CHICAGO — For several years, there’s been a push in health care – particularly in pharmaceuticals – toward personalized medicine. By using a patient’s genetics to better target their medications and therapies, the medical industry has achieved improved patient outcomes.
But, what if you could launch individualized care at an earlier stage – at the point of pathological diagnosis? According to radiology and pathology experts at the 2014 Radiological Society of North America annual meeting, this could be the next wave that takes personalized medicine to the next level.
“The idea is to personalize how we treat patients based on their unique characteristics,” said Mitch Schnall, MD, PhD, radiology department chair, University of Pennsylvania. “The idea of developing data that characterizes someone really gets to the heart of what diagnosis is about. It’s crucial to realizing any benefit.”
In this case, it’s pairing the high-definition, advanced imaging from radiology with existing high-tech tools from pathology to render the most detailed, accurate diagnosis possible. Providing pathologists with advanced images down to micro-level accuracy allows them to better see tissue architectures and abnormalities. The added logistical data from imaging studies could make it easier for pathologists to sample and analyze the correct part of the tissue sample, said Michael Feldman, pathology and laboratory medicine associate professor at the Hospital of the University of Pennsylvania.
A greater link between radiology and pathology could also increase radiology’s involvement in molecular medicine, as well as a wide variety of medical research endeavors, said Martin Pomper, MD, PhD, a Johns Hopkins radiologist with an interest in pathobiology.
There will be challenges, however, said Curtis Langlotz, MD, PhD, medicine and radiology professor at Stanford University Medical Center. And, finding a point where these two specialties can meet in the middle will likely be the biggest one.
“Pathology is where radiology was with respect to digital imaging 10 years ago – where we know it’s going to happen. There’s promising technology out there, but it hasn’t yet happened to the point where it’s widely adopted and standardized,” said Langlotz, who has a research interest in biomedical informatics. “I think both radiology and pathology have recognized the need for structured reporting – where you actually have a standard for reporting certain things. And, pathology has just been at it longer.”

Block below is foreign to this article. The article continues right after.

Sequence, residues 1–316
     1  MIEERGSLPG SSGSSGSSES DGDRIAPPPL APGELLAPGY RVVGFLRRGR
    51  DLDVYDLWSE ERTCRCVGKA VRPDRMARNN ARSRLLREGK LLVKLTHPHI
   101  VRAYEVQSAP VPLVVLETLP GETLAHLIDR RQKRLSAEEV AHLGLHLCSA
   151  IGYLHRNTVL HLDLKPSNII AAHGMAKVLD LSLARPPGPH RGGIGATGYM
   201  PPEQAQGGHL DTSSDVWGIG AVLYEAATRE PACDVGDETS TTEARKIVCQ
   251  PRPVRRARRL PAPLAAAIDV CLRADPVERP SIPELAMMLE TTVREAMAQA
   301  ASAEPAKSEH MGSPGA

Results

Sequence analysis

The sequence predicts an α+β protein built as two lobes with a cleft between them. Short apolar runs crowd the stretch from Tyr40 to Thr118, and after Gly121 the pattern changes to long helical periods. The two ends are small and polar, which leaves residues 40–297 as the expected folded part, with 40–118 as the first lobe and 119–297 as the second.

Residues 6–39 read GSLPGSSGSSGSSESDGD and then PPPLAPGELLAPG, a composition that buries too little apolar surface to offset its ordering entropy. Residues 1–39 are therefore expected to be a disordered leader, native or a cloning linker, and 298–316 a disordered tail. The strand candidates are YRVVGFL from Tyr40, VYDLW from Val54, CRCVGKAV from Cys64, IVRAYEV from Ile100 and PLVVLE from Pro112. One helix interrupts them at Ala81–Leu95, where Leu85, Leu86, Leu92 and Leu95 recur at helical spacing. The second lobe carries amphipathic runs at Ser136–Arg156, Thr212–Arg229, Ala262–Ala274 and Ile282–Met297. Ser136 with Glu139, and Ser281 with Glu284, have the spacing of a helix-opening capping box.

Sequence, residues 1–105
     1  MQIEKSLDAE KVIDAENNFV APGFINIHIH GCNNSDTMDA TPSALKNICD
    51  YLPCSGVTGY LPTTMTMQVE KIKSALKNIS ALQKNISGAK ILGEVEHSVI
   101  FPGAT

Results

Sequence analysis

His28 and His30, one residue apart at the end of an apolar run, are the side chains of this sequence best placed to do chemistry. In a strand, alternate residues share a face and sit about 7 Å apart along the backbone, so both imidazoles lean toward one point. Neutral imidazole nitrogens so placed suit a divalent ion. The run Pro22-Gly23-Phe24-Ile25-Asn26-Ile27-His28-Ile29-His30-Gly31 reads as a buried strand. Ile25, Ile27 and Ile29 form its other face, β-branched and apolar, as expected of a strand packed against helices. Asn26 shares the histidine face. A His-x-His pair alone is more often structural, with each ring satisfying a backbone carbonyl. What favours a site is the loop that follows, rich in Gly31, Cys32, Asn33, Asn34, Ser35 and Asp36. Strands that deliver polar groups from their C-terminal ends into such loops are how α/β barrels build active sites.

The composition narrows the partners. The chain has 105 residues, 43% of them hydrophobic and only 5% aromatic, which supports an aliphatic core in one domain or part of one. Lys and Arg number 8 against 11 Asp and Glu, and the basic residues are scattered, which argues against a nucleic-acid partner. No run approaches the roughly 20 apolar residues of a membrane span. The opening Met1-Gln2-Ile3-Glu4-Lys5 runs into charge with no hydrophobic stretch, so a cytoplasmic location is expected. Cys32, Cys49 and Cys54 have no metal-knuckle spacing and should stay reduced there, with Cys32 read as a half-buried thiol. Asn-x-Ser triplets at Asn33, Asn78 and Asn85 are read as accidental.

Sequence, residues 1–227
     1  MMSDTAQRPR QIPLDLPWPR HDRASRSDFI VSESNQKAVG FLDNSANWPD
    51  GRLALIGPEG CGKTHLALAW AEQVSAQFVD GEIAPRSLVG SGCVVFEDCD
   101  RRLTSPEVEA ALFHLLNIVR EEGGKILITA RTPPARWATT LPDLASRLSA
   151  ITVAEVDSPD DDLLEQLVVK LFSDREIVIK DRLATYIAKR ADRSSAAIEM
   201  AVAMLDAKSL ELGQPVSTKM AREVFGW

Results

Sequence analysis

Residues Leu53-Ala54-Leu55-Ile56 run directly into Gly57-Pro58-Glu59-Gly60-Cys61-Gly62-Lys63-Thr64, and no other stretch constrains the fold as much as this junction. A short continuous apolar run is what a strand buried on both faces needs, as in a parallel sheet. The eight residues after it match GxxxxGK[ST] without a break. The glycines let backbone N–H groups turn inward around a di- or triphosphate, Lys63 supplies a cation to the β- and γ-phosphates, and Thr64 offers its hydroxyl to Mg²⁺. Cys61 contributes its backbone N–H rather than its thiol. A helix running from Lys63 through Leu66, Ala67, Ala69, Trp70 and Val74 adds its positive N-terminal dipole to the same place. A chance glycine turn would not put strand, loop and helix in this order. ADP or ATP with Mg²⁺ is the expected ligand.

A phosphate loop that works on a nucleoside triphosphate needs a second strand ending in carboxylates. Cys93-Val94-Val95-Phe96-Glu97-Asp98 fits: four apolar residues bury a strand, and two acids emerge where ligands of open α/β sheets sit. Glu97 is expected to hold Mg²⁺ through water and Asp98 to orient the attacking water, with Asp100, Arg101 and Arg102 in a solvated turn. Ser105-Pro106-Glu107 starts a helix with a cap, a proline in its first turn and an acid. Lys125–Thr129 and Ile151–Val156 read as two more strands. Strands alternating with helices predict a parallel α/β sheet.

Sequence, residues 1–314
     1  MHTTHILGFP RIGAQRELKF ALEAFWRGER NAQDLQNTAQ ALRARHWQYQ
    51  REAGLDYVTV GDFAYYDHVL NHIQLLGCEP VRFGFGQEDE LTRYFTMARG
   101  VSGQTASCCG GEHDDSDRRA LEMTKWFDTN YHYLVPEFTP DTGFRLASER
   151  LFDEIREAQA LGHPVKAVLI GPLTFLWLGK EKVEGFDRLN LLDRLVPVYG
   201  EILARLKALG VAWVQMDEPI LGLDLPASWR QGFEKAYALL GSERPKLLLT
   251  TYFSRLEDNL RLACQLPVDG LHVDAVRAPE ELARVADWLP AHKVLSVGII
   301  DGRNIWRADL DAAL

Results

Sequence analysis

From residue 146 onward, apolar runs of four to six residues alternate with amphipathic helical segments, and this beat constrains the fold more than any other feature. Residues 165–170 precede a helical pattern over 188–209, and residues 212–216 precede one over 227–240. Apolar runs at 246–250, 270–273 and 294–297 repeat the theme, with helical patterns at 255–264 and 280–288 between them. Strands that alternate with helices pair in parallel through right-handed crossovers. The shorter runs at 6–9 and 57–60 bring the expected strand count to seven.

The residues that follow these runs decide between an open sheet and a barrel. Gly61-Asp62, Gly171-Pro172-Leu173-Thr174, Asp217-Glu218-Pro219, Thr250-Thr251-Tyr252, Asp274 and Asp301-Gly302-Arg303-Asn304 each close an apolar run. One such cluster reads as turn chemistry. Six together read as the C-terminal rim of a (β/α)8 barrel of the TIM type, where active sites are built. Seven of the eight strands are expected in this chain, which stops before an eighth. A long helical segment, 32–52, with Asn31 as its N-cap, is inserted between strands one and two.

Integrating the workflow for radiology and pathology could be problematic, he said, because the cultures are fundamentally different. Radiologists have a daily run-down of the advanced imaging studies they will perform, so they’re able to plan their schedules. Pathology, however, never knows what might land on its doorstep – some days could be empty, some could be overflowing.
Creating that greater partnership between the two specialties could also alter how they’ve traditionally viewed themselves, Schnall said.
“Radiologists are used to ordering tests and having them come back to them so they can make a decision,” he said. “Now, we’re developing a diagnostic process with pathology that runs parallel to and supports them. It’ll change roles, and that might be the biggest challenge to making things a reality.”
As with most changes in radiology, Feldman said, meshing the skill sets of these specialties will require a plan for interoperability and standardization between vendor solutions. There also need to be clear clinical reasons to support having radiology and pathology work more closely together. A digital pathology solution designed to improve pathology workflow is currently available in Europe by Sectra. The platform, which is largely used with breast cancer diagnosis allows pathologists to access images from a variety of vendor products and enables simultaneous viewing of histology and cytology images, said Andrea Sowitch, North American marketing director, Sectra.
Ultimately, he said, fusing the specialties in this way could speed up diagnosis, improve accuracy, prompt better outcomes, and lead to better diagnostic and therapeutic resource management. It could ensure that the right tests are done at the right time and at a lower cost.
“It’s all about driving value to the patient at the workflow, imaging, and text-mining levels to improve outcomes,” Feldman said. “It makes for a more efficient diagnostic process, better informed practitioners, and an environment of reduced errors.”